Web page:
Changing the view is a very basic operation in Jack. A view change
can be done at any time just by holding down the <Ctrl> key.
Whenever the <Ctrl> key is depressed mouse movement
manipulates the camera location. Releasing the <Ctrl> key returns
operation to whatever you were doing before.

View Coordinate Reference


A yellow cross hair or coordinate frame will appear in the window
when you change view. This represents the focus point or View
Reference of the camera. Notice that as you move the mouse with
the <LMB> pressed the camera rotates about the center focus
point. The focus point stays fixed relative to the geometry as you do
this. Notice the difference between side-to-side mouse movement
and up/down mouse movement.
Mouse movement with the <MMB> pressed translates the camera.
The focus point moves relative to the geometry during the
translation. Again, notice the difference between side-to-side
movement of the mouse and up/down movement. Finally, the
<RMB> zooms the camera in and out on the focus point. The only
functional movement with the mouse when zooming is up/down.
Depressing the <Ctrl> and <Shift> keys simultaneously
manipulates the scene by moving the View Reference. Notice that
now as you move the mouse with the <LMB> pressed the
geometry in the scene rotates around the camera. Pressing the
<MMB> translates the focus point relative to the camera. The
geometry moves relative to the focus point. Notice that the end
result is the same as when only the <Ctrl> key was depressed.

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Finally, the <RMB> pushes or pulls the focus point away from or
towards the camera. The only functional movement with the mouse
when pushing or pulling the focus point is up/down.
Command
CTRL
CTRL
CTRL
CTRL + SHIFT
CTRL + SHIFT
CTRL + SHIFT

LMB
MMB
RMB
LMB
MMB
RMB

Result
Rotate the camera
Pan
Zoom
Rotate the View Reference
Pan
Push/Pull the View Reference

Commands for changing view with the mouse

Note: A great mnemonic device is to remember:


Ctrl = Camera
Shift = Spin Figure
Context Sensitive Menus
Context sensitive menus allow you to easily access menu options
that are specific to a certain type of entity (human figures, nonhuman figures, segments, joints, sites, nodes). The <RMB>
provides rapid access to these context sensitive menus. The
OBJECT SELECTOR ICON (on the Toolbar) controls the type of entity
that will be selected and which menu options will appear when you
press the <RMB>. The OBJECT SELECTOR will be covered in more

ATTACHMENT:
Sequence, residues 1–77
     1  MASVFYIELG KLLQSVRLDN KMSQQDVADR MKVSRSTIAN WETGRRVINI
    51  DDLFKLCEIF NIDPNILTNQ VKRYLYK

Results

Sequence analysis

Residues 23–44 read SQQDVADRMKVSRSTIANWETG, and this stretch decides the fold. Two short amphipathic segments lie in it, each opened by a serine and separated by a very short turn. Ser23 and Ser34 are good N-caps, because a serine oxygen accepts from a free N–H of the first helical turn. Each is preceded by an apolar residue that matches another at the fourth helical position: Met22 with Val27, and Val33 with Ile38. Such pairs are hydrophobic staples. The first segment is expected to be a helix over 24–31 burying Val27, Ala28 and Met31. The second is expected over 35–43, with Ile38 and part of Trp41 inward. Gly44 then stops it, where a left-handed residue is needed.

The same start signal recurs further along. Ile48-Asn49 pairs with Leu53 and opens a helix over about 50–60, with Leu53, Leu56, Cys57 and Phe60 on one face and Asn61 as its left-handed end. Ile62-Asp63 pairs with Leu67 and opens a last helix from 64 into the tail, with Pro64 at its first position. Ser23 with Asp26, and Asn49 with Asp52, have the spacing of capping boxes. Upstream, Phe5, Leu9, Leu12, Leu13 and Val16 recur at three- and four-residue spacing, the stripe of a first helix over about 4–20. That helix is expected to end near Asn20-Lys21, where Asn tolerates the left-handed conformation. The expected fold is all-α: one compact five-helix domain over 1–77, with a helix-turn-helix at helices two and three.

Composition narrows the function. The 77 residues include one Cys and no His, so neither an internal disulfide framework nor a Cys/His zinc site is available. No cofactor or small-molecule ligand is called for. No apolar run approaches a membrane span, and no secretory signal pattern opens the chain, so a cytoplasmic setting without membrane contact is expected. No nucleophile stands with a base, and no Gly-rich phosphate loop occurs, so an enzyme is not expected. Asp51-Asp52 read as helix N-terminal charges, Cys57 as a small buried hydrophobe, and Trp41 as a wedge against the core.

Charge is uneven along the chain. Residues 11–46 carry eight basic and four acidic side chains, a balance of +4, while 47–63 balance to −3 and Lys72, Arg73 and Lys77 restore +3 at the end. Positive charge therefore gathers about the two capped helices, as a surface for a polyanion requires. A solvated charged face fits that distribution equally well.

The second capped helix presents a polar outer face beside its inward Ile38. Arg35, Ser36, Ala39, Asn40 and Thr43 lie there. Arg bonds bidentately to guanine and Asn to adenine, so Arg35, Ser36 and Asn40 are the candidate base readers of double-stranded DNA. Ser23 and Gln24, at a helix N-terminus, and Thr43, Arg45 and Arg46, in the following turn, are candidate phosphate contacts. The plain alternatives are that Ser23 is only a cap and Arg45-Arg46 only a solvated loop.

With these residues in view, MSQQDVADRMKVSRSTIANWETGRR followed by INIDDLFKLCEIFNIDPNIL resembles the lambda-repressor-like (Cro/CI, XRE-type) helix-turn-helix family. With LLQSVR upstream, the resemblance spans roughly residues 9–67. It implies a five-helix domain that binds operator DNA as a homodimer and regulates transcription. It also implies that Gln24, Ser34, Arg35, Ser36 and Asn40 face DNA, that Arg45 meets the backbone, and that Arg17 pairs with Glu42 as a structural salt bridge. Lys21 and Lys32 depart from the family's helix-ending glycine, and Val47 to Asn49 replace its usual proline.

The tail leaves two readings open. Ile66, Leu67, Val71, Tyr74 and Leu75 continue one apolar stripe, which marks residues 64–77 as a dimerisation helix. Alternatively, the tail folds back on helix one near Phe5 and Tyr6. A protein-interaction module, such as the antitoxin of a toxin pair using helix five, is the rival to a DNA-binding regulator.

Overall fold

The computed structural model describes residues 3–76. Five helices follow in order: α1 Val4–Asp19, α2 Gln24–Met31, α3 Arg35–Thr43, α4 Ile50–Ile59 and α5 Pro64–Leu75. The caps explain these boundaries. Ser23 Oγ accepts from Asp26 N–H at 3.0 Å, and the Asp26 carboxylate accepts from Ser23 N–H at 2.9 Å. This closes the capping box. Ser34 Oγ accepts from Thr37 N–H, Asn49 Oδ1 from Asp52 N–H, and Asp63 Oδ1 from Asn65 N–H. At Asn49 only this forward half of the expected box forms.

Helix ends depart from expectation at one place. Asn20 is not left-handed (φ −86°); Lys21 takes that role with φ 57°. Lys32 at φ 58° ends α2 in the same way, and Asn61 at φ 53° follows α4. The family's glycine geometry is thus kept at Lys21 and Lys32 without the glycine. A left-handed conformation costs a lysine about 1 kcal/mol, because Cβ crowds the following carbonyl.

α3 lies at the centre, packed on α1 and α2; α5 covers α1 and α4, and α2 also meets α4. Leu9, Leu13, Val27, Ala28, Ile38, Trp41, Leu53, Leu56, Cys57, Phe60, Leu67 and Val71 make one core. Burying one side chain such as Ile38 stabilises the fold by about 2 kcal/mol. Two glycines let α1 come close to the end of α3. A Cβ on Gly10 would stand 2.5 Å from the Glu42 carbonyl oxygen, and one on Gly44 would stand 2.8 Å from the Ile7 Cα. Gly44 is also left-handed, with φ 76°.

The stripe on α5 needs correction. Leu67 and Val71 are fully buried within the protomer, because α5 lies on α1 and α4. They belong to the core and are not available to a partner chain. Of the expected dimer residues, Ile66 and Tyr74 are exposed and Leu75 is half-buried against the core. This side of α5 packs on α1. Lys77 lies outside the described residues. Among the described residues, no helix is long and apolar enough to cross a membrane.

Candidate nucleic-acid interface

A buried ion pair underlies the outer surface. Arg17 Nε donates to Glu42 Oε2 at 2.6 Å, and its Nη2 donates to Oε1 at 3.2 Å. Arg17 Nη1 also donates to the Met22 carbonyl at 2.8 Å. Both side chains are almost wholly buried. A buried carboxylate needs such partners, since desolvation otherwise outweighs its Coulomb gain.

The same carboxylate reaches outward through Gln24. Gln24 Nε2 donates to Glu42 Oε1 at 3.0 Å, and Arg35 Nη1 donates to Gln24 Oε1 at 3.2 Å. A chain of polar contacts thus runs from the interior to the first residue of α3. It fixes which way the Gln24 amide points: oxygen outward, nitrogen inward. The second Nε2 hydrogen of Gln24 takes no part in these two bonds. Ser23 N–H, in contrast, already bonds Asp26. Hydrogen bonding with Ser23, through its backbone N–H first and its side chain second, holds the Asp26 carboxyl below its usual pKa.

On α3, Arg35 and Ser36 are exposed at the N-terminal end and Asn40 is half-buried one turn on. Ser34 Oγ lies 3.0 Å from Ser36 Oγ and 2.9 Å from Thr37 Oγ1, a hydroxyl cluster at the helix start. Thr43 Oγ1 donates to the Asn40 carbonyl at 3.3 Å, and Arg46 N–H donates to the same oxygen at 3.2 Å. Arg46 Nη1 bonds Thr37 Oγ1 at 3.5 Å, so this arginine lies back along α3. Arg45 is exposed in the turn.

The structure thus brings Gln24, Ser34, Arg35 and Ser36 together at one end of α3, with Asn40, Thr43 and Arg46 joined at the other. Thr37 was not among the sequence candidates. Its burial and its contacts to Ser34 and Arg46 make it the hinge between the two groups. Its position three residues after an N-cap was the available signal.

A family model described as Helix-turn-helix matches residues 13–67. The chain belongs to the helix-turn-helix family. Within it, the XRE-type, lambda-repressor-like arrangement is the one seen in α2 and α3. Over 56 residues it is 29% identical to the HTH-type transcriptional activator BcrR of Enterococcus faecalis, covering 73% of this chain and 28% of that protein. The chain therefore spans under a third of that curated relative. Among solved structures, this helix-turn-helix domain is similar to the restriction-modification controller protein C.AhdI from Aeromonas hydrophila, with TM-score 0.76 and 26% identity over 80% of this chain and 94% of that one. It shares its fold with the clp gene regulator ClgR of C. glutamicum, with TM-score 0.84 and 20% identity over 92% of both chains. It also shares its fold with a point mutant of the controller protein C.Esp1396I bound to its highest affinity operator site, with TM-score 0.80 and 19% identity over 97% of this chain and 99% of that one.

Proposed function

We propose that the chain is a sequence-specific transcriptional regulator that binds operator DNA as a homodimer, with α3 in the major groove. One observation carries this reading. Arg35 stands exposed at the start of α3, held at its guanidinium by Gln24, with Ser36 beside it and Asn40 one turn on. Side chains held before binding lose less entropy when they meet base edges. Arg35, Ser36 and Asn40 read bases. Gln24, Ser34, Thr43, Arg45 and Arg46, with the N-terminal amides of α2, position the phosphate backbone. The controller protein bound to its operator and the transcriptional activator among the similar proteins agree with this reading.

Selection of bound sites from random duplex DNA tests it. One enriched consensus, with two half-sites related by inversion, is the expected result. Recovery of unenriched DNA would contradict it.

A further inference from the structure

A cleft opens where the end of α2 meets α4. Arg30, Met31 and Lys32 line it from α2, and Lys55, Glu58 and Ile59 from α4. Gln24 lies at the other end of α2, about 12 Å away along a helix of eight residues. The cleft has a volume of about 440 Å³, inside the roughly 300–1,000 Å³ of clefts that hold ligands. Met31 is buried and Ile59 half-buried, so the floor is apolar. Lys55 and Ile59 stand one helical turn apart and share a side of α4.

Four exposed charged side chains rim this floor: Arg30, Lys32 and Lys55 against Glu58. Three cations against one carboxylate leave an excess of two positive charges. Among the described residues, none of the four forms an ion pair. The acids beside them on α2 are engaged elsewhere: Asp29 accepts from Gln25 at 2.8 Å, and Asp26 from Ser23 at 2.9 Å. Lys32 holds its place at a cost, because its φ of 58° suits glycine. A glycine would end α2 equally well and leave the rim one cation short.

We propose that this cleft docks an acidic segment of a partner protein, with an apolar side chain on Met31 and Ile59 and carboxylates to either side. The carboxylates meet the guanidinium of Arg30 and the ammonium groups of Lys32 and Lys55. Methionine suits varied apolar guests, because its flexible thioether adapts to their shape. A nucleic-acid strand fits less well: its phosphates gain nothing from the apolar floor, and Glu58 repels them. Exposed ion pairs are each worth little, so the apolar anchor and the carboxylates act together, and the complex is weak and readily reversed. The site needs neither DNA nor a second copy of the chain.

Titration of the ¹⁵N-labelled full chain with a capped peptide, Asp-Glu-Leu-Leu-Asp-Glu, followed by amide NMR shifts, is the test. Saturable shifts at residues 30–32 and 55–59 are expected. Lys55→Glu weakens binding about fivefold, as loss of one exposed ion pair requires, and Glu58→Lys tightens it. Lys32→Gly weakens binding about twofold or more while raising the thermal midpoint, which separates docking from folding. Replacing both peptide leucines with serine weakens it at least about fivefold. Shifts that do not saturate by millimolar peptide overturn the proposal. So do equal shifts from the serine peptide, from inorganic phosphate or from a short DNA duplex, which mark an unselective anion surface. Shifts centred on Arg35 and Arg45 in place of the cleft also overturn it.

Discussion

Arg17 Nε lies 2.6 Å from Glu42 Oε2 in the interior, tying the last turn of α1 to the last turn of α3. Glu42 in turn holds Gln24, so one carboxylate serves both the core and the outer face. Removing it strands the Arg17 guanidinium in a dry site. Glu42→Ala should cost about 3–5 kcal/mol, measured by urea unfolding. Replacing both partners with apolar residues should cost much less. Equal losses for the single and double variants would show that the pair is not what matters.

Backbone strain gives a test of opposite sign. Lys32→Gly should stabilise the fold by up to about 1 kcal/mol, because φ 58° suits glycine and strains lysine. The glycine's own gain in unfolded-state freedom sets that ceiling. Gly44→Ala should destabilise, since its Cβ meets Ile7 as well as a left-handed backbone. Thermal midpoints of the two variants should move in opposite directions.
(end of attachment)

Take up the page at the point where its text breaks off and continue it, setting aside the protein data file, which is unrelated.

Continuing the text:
detail in subsequent chapters.

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Context Sensitive Menus


The Window pop-up menu that appears provides access to basic
view and window commands. The Window pop-up menu is
available anytime you hold down the <RMB> over an area of the
window where there is no geometry, no matter what the OBJECT
SELECTOR ICON is set to. Context sensitive menus differ for different
objects, as they will display only the options relevant to that object.

Picking with the Middle Mouse Button


When objects (figures, segments, sites, joints etc) are overlapping,
close together or obscured by other geometry it can be difficult to
indicate unambiguously which one you wish to select. Sometimes
simply manipulating the view can help. At other times, an
alternative method of resolving the ambiguity is needed.
In Jack the <MMB> provides a way to resolve this ambiguity during
a pick. If multiple selections surround the pick position, a SELECT
ENTITY DIALOG will appear that contains a list of these selections.

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Select Entity
Space Bar Completion
If you know the name of a figure, segment, site or joint you are
trying to pick it can be easier to just type the name rather than
trying to pick it with the mouse. SPACE BAR NAME COMPLETION
makes it even easier. This feature is available in most text entry
boxes.

Space bar completion


Note: Names are case sensitive.

International Menus
Jack allows users to customize the menus. For more information on
available menus or customizing your own, please contact
SIEMENS PLM SOFTWARE.

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Chapter 1 Tutorial: Jacks Interface